In the Best News Picture category, the Richmond Free Press won first place followed by the New Pittsburgh Courier and the Philadelphia Tribune.

The Los Angeles Sentinel won top honors in the Best Editorial Cartoon category while the Washington Afro-American won second and third place.

In the Best Layout Design Category, the Birmingham Times won first place while the Philadelphia Tribune and the New Pittsburgh Courier finished second and third.

The Philadelphia Tribune, St. Louis American and Houston Forward Times won first, second and third place respectively for Best Special Edition.

The Miami Times, Houston Forward Times and Washington Informer finished first, second, and third in the Best Youth Section category and the Miami Times, Gary Crusader and the Washington Afro-American finished first, second and third in the Best Use of Photographs category.

“We are all winners tonight,” Ashley-Ward said. “When one of us wins, we all win.”

View the recorded livestream of the ceremony below.

 

Continue Reading

Entertainment

Godfather of Funk George Clinton decides to let the music keep playing

THE PHILADELPHIA TRIBUNE — We know him and love him as the Godfather of Funk. But George Clinton is so much more. After singing doo-wop on street corners in his hometown of Plainfield, New Jersey, as a teenager, Clinton was just a young musician when he opened a barbershop and began to style hair.

Published

on

By Rita Charleston

We know him and love him as the Godfather of Funk. But George Clinton is so much more.

After singing doo-wop on street corners in his hometown of Plainfield, New Jersey, as a teenager, Clinton was just a young musician when he opened a barbershop and began to style hair.

“We did the great finger waves of the ‘50s. To be a singer during that era, you had to have your hair done,” Clinton recalls. “And so the barbershop became the R&B star of the neighborhood. It also gave me a place to rehearse my own kind of music.”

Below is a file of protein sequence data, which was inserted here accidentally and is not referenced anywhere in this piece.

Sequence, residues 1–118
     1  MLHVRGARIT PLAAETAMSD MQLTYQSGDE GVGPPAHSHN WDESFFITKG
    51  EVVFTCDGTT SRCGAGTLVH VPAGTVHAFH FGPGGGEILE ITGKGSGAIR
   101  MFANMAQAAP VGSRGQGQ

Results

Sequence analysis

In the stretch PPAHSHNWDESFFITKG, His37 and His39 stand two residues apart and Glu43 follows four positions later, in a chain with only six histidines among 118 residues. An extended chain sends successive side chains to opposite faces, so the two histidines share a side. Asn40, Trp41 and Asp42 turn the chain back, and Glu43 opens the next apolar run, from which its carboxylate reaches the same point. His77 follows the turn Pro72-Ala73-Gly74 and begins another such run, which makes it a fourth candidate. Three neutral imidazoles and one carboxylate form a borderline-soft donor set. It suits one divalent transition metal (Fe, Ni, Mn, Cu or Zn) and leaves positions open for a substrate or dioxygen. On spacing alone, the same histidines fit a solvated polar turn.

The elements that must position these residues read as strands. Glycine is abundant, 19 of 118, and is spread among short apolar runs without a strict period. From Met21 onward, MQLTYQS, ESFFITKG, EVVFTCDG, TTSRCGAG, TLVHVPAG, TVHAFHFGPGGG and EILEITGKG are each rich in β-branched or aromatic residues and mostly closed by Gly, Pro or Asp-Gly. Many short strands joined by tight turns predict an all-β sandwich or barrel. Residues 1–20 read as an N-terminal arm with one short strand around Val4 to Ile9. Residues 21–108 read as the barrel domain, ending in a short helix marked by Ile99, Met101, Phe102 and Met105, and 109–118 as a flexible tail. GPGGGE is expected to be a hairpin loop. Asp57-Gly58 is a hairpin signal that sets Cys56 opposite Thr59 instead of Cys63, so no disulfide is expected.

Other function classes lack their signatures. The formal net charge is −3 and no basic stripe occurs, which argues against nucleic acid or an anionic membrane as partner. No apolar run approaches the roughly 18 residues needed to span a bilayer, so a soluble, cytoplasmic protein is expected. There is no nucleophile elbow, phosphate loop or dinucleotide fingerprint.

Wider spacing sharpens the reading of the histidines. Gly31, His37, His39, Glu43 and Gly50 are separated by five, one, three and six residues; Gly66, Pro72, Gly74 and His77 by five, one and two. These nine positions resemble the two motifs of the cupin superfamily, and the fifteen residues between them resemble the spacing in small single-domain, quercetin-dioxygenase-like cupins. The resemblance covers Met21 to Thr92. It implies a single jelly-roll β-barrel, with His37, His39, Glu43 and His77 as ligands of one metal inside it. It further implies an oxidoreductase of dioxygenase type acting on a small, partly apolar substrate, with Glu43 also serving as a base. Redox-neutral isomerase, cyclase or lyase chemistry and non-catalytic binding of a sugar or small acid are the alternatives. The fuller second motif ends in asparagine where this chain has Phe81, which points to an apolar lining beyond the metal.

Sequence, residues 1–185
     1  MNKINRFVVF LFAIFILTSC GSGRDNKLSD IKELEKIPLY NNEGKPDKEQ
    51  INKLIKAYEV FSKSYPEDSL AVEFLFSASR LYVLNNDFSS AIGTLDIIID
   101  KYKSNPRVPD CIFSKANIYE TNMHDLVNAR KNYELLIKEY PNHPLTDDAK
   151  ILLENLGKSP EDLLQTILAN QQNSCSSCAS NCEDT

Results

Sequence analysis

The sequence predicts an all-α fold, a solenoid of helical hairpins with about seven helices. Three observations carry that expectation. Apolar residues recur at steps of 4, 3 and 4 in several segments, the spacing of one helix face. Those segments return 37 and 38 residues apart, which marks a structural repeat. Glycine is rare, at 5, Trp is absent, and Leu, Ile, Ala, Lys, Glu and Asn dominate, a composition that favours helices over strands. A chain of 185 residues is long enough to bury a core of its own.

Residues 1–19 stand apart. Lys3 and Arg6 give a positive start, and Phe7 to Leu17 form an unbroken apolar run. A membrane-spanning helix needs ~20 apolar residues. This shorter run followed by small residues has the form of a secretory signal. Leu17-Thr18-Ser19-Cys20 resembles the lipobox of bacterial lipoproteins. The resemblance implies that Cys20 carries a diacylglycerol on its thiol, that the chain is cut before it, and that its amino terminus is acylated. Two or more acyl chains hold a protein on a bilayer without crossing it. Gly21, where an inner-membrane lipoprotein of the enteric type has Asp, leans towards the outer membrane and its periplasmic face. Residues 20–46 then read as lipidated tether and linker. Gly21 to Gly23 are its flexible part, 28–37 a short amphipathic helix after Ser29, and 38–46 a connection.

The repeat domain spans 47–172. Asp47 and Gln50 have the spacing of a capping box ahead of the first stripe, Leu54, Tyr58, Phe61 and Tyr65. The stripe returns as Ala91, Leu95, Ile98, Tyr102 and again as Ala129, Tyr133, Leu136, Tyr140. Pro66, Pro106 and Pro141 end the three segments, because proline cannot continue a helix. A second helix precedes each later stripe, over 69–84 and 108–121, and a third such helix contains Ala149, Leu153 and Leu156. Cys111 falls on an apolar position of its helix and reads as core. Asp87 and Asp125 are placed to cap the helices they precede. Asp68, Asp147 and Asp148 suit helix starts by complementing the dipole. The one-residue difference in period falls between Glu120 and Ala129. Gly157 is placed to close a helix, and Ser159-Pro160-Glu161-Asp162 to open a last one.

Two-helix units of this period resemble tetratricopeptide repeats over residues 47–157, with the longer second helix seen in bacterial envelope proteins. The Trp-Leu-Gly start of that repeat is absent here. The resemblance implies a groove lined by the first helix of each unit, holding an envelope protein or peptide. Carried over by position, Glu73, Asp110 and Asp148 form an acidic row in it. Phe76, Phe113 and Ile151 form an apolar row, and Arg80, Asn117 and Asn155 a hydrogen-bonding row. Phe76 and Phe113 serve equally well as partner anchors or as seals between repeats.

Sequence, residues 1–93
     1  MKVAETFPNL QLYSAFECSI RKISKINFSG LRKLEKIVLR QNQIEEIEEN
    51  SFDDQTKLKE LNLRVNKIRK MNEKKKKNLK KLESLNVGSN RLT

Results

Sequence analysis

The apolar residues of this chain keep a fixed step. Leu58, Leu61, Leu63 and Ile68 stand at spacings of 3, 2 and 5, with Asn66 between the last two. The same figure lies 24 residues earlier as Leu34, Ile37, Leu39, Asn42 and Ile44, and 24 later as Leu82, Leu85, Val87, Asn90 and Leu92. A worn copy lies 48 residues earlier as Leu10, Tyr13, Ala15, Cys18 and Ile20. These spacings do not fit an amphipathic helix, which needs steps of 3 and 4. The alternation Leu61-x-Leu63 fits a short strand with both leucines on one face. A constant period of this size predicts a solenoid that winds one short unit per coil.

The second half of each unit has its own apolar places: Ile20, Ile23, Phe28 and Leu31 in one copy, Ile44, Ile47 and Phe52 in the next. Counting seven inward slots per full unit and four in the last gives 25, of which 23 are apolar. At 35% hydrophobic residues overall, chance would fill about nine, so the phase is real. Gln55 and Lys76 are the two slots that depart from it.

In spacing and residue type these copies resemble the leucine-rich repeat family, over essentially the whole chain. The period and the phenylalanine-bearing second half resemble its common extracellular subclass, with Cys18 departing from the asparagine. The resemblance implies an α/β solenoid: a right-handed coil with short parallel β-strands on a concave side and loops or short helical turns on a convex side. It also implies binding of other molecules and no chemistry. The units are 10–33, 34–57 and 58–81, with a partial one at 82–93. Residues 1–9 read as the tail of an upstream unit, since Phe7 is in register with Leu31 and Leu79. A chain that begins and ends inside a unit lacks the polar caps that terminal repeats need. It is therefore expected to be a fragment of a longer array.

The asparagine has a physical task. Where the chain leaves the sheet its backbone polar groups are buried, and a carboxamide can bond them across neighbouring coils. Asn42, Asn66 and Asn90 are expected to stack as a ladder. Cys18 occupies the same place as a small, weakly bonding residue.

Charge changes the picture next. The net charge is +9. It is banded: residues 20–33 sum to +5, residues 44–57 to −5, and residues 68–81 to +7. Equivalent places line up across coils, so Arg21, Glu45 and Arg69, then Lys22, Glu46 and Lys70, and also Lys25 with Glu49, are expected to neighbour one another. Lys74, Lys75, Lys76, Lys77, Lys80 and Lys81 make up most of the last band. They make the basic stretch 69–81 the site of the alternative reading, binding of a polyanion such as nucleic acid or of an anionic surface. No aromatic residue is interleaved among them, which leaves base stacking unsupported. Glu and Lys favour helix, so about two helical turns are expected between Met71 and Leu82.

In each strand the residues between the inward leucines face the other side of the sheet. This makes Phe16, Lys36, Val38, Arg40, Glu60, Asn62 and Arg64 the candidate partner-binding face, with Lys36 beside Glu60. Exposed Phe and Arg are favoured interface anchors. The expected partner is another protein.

And rehearse he did, for when he was not styling hair, Clinton was making music and forming Parliament-Funkadelic — or P-Funk — a collection of rotating musicians made up of two individual bands, Parliament and Funkadelic. Their distinctive funk style drew on psychedelic culture, outlandish fashion, science fiction, and surreal humor.

Influenced by the likes of late 1960s artists such as Jimi Hendrix, Sly Stone and Frank Zappa, Clinton later moved to Detroit and developed a relationship with Motown where he became a songwriter and producer.

“To me, being there was like being with one big, happy family,” says Clinton, who will be appearing June 6 at Franklin Music Hall. “There was Smokey Robinson and Berry Gordy, and production teams like Ashford and Simpson, and so many more. And they all left a lasting impression on me.”

Eventually leaving Motown, Clinton settled in with different record labels for a time. And the P-Funk music ruled Black music during the 1970s thanks to Clinton’s magical managerial style, with 1978-79 being their most successful year.

But the 1980s saw Clinton becoming more and more embroiled in legal matters resulting from a myriad of royalty issues, and eventually deciding to strike out on his own. But his musical roots were never far behind.

The early 1990s saw the rise of funk-inspired rap, thanks to folks like Dr. Dre, and funk rock, thanks to the Red Hot Chili Peppers. All that helped reestablish this music man as one of the most important forces in the recent history of Black music.

But Clinton never had any doubts that he and funk were in it for the long haul.

“I always felt like we were gonna kill with our music. Everybody wants to have fun and that’s what funk is all about,” he says.

And the business has recognized what Clinton is all about many, many times. Over the years he’s received a Grammy, a Dove (gospel), and an MTV music award. He’s also been recognized by BMI, the NAACP Image award, and Motown Alumni Association for Lifetime Achievement. Clinton’s Parliament/Funkadelic was inducted into the Rock and Roll Hall of Fame in 1997.

And although this tour was to be Clinton’s last, he seems to have changed his mind. He says with all the legal problems continuing, he’s decided to keep going for at least another year.